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More good news about the magic ion: lithium may prevent dementia

  • Allan H. Young (a1)
Summary

Lithium is an established treatment for affective disorders with good evidence of antisuicidal properties. Alzheimer's disease rates are relatively reduced in patients with bipolar disorder on lithium and a recent trial of lithium in amnestic minimal cognitive impairment is indicative of potential benefits. This should stimulate further, larger-scale studies.

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References
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The British Journal of Psychiatry
  • ISSN: 0007-1250
  • EISSN: 1472-1465
  • URL: /core/journals/the-british-journal-of-psychiatry
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More good news about the magic ion: lithium may prevent dementia

  • Allan H. Young (a1)
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eLetters

lithium may prevent dementia

Bheemraya Hanmanthraya, psychiatrist
14 September 2011

I noted with great interest the current article by Alan H Young. It is really exciting to read more and more about the therapeutic benefits oflithium in clinical practice right from its use in medieval times when people had noticed that certain mineral springs had curative powers for people suffering from mania or depression.Even 2nd century AD Greek physician Seranus Ephesios had recommended use of natural water such as alkaline springs for the treatment of mania.

Over the next two ensuing millennia many people have used this salt water all over the world for various ailments both in the form of drinkingand also soaking in the spas. It wouldn`t surprise me, if it would have been lithium in this water which was the hidden ingredient responsible forthe curative property.

Over the last few decades Lithium has been really established as moodstabilizer and gradually research started to discover this naturally occurring mineral's neuroprotective characteristics. Nature has the remedyfor our ailments but it takes long time for us to discover.

There are several laboratory and animal studies and one human study which shows that lithium prevents the formation of amyloid -beta plaques and neurofibrillary tangles which can have intriguing implications as far as alzheimers disease is concerned.

Similar study using the mice bred to be highly susceptible to Alzheimer's disease showed that three weeks of treatment with lithium reduced the formation of beta amyloid protein by inhibiting GSK-3alpha.

Another study involving the rodents showed that lithium is effective against the glutamate- induced excitotoxicity which is strongly implicatedin dementia process by stimulating the production of brain derived neurotrophic factor.

Lithium is also thought to have neurogenesis properties according to another rodent based study. Mice were treated with lithium and their brainshowed 25% increase of neurons in dentate gyrus.

Another human study involving 10 patients suffering from bipolar weretreated with therapeutic dosage of lithium for 4 weeks and the MRI brain showed showed increased grey matter in 8 out of 10 patients.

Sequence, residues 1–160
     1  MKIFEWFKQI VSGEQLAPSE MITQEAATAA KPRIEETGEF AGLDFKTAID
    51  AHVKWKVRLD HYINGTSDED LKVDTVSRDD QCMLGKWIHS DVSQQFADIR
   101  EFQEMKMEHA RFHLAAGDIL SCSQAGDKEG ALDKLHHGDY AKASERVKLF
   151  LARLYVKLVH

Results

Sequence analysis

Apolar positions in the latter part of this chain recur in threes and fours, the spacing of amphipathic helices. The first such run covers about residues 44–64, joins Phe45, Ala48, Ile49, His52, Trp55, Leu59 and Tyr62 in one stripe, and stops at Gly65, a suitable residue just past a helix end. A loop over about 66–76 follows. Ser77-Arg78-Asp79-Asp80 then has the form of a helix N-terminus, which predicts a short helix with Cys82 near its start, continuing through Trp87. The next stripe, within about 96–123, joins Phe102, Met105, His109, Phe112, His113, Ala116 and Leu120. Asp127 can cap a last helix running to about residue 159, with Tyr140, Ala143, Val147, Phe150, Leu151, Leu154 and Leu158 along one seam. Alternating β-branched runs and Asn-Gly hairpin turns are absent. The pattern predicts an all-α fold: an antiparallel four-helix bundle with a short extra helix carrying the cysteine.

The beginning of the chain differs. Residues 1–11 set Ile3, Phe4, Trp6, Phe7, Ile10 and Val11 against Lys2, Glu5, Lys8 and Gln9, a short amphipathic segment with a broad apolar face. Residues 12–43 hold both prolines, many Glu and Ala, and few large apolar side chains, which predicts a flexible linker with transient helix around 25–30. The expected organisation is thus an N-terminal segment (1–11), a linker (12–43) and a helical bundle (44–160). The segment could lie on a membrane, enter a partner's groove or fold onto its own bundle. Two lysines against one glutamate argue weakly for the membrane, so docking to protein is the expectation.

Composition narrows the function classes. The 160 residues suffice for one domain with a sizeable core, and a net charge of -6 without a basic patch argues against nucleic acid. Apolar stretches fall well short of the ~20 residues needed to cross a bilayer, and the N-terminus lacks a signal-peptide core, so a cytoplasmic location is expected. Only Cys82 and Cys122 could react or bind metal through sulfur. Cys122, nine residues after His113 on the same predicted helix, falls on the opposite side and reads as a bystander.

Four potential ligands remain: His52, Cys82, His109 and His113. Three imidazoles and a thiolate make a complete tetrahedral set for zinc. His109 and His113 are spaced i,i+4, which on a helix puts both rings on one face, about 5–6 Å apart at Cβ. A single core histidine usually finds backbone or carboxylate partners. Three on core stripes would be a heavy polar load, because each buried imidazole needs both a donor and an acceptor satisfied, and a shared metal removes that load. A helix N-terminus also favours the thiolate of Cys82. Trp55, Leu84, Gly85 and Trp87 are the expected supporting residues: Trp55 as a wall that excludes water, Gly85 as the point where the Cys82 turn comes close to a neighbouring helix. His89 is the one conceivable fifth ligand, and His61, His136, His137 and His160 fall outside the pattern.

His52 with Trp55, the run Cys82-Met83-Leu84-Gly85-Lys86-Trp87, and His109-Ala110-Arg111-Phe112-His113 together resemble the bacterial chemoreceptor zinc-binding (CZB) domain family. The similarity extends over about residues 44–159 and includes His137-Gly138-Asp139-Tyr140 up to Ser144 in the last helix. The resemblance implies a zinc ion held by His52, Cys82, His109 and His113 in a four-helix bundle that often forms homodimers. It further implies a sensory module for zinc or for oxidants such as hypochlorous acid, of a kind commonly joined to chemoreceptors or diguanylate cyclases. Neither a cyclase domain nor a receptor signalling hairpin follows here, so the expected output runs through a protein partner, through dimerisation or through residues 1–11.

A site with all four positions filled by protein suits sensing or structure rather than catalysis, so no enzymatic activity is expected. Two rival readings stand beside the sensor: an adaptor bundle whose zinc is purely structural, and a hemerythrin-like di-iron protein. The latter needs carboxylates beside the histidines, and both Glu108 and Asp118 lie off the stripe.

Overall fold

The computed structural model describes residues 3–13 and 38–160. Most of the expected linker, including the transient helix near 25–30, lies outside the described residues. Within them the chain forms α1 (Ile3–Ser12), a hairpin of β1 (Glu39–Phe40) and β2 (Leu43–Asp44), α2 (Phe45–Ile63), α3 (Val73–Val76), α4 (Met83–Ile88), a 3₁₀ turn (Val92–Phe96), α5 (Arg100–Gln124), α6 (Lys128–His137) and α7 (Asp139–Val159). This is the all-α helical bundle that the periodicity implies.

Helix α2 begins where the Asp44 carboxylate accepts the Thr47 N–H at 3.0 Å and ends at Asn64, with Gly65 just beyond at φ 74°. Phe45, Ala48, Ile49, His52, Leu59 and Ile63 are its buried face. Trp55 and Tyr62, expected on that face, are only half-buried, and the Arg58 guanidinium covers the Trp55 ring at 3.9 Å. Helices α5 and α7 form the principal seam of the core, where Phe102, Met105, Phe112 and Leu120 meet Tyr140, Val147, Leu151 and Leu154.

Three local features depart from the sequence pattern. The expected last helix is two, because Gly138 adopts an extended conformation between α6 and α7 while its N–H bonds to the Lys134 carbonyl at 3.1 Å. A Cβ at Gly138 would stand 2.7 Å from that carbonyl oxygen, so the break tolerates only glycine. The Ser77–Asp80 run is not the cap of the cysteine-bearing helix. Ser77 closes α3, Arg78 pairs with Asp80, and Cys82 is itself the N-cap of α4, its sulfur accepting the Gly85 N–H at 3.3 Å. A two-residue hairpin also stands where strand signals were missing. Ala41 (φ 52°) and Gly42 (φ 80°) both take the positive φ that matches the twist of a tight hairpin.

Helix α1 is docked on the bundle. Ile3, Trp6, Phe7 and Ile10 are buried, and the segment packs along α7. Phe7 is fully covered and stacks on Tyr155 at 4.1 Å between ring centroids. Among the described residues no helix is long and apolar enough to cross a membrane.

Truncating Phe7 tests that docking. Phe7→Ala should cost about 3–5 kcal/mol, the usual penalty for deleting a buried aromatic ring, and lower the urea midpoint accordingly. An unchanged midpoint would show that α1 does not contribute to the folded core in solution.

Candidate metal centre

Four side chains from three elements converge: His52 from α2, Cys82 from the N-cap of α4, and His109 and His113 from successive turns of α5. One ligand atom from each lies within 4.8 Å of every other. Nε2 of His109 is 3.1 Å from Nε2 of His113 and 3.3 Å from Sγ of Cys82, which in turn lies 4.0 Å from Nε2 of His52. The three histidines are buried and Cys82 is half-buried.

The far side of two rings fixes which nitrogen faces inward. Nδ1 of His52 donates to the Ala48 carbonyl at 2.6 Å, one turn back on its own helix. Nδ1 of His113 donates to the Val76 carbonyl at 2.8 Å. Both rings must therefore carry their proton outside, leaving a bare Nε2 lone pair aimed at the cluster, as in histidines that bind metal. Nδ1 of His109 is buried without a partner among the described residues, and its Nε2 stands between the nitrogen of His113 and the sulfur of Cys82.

Observing all the recent study findings I would completely agree withAlan H Young that there is a greater need and the urgency for more robust studies involving lithium and its neuroprotective properties. Off course, I can imagine the difficulties one would face in terms of the funding of the research but I would strongly feel that government and other institutions of public interest should give it a seriou thought.References 1.Alvarez G, Mu?oz-Monta?o JR, Satr?stegui J, Avila J, Bog?nez E, D?az-Nido J. Lithium protects cultured neurons against beta-amyloid-induced neurodegeneration. FEBS Lett 1999 Jun 25;453(3):260-4. 2.Phiel CJ, Wilson CA, Lee VM-Y, Klein PS. GSK-3-alpha regulates production of Alzheimer's disease amyloid-beta peptides. Nature 2003 May 22; 423(6938):435-9. 3.Calabrese V, Scapagnini G, Colombrita C, Ravagna A, Pennisi G, Giuffrida Stella AM, Galli F, Butterfield DA. Redox regulation of heat shock protein expression in aging and neurodegenerative disorders associated with oxidative stress: a nutritional approach. Amino Acids 2003Dec;25(3-4): 437-44. 4.Hashimoto R, Takei N, Shimazu K, Christ L, Lu B, Chuang D-M. Lithium induces brain-derived neurotrophic factor and activates TrkB in rodent cortical neurons: an essential step for neuroprotection against glutamate excitotoxicity. Neuropharmacology 2002 Dec;43(7):1173-9. 5.Chen G, Rajkowska G, Du F, Seraji-Bozorgzad N, Manji HK. Enhancement ofhippocampal neurogenesis by lithium. J Neurochem 2000 Oct; 75(4):1729-34. 6.Moore GJ, Bebchuk JM, Wilds IB, Chen G, Manji HK. Lithium-induced increase in human brain grey matter. Lancet 2000 Oct 7;356(9237): 1241-2. Erratum: Lancet 2000 Dec 16;356(9247):2104.

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Conflict of interest: None declared

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